Network Working Group W. Ladd
Internet-Draft Grad Student UC Berkley
Intended status: Informational R. Salz
Expires: February 13, 2015 Akamai Technologies
S. Turner
IECA, Inc.
August 12, 2014
The Curve25519 Function
draft-turner-thecurve25519function-01
Abstract
This document specifies the Curve25519 function, an ECDH (Elliptic-
Curve Diffie-Hellman) key-agreement scheme for use in cryptographic
applications. It was designed with performance and security in mind.
This document is based on information in the public domain.
Status of This Memo
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the Trust Legal Provisions and are provided without warranty as
described in the Simplified BSD License.
1. Introduction
This document specifies the Curve25519 function, an ECDH (Elliptic-
curve Diffie-Hellman) key-agreement scheme for use in cryptographic
applications. It was designed with performance and security in mind.
This document is based on information in the public domain.
This document provides a stable reference for the Curve25519 function
[Curve25519] to which other specifications may refer when defining
their use of Curve25519. It specifies how to use Curve25519 for key
exchange. This document defines the algorithm, the "wire format"
(how to serialize and parse bytes sent over a network, for example),
and provides some implementation guidance to avoid known side-channel
timing exposures.
This document does not specify the use of Curve25519 in any other
specific protocol, such as TLS (Transport Layer Security) or IPsec
(Internet Protocol Security). It does not specify how to use
Curve25519 for digital signatures.
Readers are assumed to be familiar with the concepts of elliptic
curves, modular arithmetic, group operations, and finite fields
[RFC6090] as well as rings [Curve25519].
1.1. Terminology
The key words "MUST", "MUST NOT", "REQUIRED", "SHALL", "SHALL NOT",
"SHOULD", "SHOULD NOT", "RECOMMENDED", "MAY", and "OPTIONAL" in this
document are to be interpreted as described in [RFC2119].
2. Notation and Definitions
The following notation and definitions are used in this document
(notation is to the left of the ":"):
A: A value used in the elliptic-curve equation E.
E: An elliptic-curve equation.
p: A prime.
GF(p): The field with p elements.
_#: Subscript notation, where # is a number or letter.
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Q
=: Assignment.
^: Exponentiation.
+, -, *, /: Addition, subtraction, multiplication, and division,
respectively.
Note that all operations are performed modulo p.
3. The Curve25519 Function
Let p = 2^255 - 19. Let E be the elliptic curve with the equation
y^2 = x^3 + 486662 * x^2 + x over GF(p).
Each element x of GF(p) has a unique little-endian representation as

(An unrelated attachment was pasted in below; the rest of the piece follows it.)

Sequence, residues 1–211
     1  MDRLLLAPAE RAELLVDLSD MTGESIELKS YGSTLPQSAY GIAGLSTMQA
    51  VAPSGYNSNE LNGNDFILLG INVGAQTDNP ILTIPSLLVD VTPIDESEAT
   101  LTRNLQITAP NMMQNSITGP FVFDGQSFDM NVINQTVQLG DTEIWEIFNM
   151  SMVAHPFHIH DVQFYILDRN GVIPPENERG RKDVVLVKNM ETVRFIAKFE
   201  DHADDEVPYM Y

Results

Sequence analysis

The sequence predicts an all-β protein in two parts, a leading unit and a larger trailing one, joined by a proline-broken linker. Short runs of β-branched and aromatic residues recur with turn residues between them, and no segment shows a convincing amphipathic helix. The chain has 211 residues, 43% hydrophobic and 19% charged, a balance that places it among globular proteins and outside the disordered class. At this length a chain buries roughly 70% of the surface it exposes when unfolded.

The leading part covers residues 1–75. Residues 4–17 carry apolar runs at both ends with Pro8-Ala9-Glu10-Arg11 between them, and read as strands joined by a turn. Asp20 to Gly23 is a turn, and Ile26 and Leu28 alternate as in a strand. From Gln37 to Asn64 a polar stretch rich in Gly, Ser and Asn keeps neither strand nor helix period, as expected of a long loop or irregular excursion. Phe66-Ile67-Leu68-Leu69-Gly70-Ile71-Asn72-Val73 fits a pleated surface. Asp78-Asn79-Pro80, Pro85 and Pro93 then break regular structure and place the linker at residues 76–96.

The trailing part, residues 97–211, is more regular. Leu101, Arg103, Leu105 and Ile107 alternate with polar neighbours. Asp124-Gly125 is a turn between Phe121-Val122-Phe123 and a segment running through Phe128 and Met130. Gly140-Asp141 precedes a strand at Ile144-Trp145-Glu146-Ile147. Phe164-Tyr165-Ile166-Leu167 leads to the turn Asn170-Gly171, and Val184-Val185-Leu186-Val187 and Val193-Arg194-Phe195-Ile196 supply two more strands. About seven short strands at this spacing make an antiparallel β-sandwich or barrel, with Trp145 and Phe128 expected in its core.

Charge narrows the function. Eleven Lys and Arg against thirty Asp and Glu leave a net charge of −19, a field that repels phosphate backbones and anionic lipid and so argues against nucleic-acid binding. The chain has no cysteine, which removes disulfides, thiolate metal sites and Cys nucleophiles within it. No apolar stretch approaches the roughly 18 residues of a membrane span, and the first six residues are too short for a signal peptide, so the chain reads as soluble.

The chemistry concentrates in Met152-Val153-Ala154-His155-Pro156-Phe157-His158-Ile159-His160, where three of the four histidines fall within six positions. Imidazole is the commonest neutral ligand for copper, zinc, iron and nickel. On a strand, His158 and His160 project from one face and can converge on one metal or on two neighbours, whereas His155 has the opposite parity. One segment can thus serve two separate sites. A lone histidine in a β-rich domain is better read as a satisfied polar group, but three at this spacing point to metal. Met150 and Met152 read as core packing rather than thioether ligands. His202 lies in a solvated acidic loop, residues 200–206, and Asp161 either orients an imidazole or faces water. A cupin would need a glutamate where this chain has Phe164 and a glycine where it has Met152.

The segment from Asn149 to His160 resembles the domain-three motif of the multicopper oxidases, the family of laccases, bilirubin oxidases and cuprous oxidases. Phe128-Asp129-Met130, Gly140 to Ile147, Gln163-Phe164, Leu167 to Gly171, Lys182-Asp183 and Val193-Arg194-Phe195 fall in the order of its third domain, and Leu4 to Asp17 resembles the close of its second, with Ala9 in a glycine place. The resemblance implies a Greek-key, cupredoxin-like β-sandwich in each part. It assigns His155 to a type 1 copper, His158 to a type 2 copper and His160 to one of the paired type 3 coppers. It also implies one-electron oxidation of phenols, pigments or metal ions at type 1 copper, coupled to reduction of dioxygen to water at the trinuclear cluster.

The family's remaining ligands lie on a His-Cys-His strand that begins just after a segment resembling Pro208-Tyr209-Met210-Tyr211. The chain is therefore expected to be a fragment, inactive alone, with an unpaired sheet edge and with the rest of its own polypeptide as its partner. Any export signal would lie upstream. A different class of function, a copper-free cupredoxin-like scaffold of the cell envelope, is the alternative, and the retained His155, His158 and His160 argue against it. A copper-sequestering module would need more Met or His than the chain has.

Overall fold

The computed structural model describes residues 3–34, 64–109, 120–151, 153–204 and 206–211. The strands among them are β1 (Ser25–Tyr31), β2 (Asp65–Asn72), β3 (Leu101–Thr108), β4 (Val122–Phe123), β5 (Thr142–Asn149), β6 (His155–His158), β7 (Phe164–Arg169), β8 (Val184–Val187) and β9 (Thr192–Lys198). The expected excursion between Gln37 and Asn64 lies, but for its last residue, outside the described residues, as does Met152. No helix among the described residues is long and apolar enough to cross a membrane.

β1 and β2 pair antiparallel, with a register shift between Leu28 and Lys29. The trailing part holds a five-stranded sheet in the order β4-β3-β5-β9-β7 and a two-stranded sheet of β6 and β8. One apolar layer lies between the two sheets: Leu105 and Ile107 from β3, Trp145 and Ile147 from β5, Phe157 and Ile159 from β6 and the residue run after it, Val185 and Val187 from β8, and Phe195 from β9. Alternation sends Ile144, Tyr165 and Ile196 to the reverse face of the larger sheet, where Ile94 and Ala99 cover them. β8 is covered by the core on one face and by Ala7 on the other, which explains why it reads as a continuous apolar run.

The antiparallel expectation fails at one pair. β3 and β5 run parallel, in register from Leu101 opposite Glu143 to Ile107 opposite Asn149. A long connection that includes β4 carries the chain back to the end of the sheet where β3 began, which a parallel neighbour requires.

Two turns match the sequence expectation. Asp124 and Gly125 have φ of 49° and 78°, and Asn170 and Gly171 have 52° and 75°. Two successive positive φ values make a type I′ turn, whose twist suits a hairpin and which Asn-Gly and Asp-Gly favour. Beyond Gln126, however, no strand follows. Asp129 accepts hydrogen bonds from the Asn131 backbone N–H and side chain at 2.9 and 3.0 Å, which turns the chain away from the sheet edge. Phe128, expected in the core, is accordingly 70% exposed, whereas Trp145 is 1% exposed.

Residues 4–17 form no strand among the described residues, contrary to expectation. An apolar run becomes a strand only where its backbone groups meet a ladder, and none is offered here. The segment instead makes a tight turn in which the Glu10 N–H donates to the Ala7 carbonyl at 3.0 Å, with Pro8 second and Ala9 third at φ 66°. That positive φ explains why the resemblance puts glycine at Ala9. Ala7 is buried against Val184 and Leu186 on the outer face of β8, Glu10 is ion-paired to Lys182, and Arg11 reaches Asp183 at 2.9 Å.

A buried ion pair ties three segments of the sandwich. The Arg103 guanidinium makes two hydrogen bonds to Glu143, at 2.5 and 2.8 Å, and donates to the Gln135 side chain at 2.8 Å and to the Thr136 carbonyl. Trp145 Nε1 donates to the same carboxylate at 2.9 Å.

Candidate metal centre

32 bytes x[0] ... x[31], such that x[0] + 256 * x[1] + 256^2 * x[2] +
... + 256^31 * x[31] is congruent to x modulo p, and x[31] is
minimal. Implementations MUST only produce points in this form. On
receiving a point, implementations MUST mask the leftmost bit of byte
31 to zero. This is done to preserve compatibility with point
formats which reserve the sign bit for use in other protocols and
increase resistance to implementation fingerprinting.
Implementations MUST reject numbers in the range [2^255-19, 2^255-1],
inclusive.
Let X denote the projection map from a point (x,y) on E, to x,
extended so that X of the point at infinity is zero. X is surjective
onto GF(p) if the y coordinate takes on values in GF(p) and in a
quadratic extension of GF(p).
Then Curve25519(s, X(Q)) = X(sQ) is a function defined for all
integers s and elements X(Q) of GF(p). Proper implementations use a
restricted set of integers for s and only x-coordinates of points Q
defined over GF(p). The remainder of this document describes how to
compute this function quickly and securely, and use it in a Diffie-
Hellman scheme.
4. Implementing the Curve25519 Function
Let s be a 255 bits long integer, where
s = sum s_i * 2^i with s_i in {0, 1}.
Computing Curve25519(s, x) is done by the following procedure, taken
from [Curve25519] based on formulas from [Mont]. All calculations
are performed in GF(p), i.e., they are performed modulo p. The
parameter a24 is a24 = (486662 - 2) / 4 = 121665.
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x_1 = x
x_2 = 0
z_2 = 1
x_3 = x
z_3 = 1
For t = 254 down to 0:
// Conditional swap; see text below.
(x_2, x_3) = cswap (s_t, x_2, x_3)
(z_2, z_3) = cswap (s_t, z_2, z_3)
A = x_2 + z_2
AA = A^2
B = x_2 - z_2
BB = B^2
E = AA - BB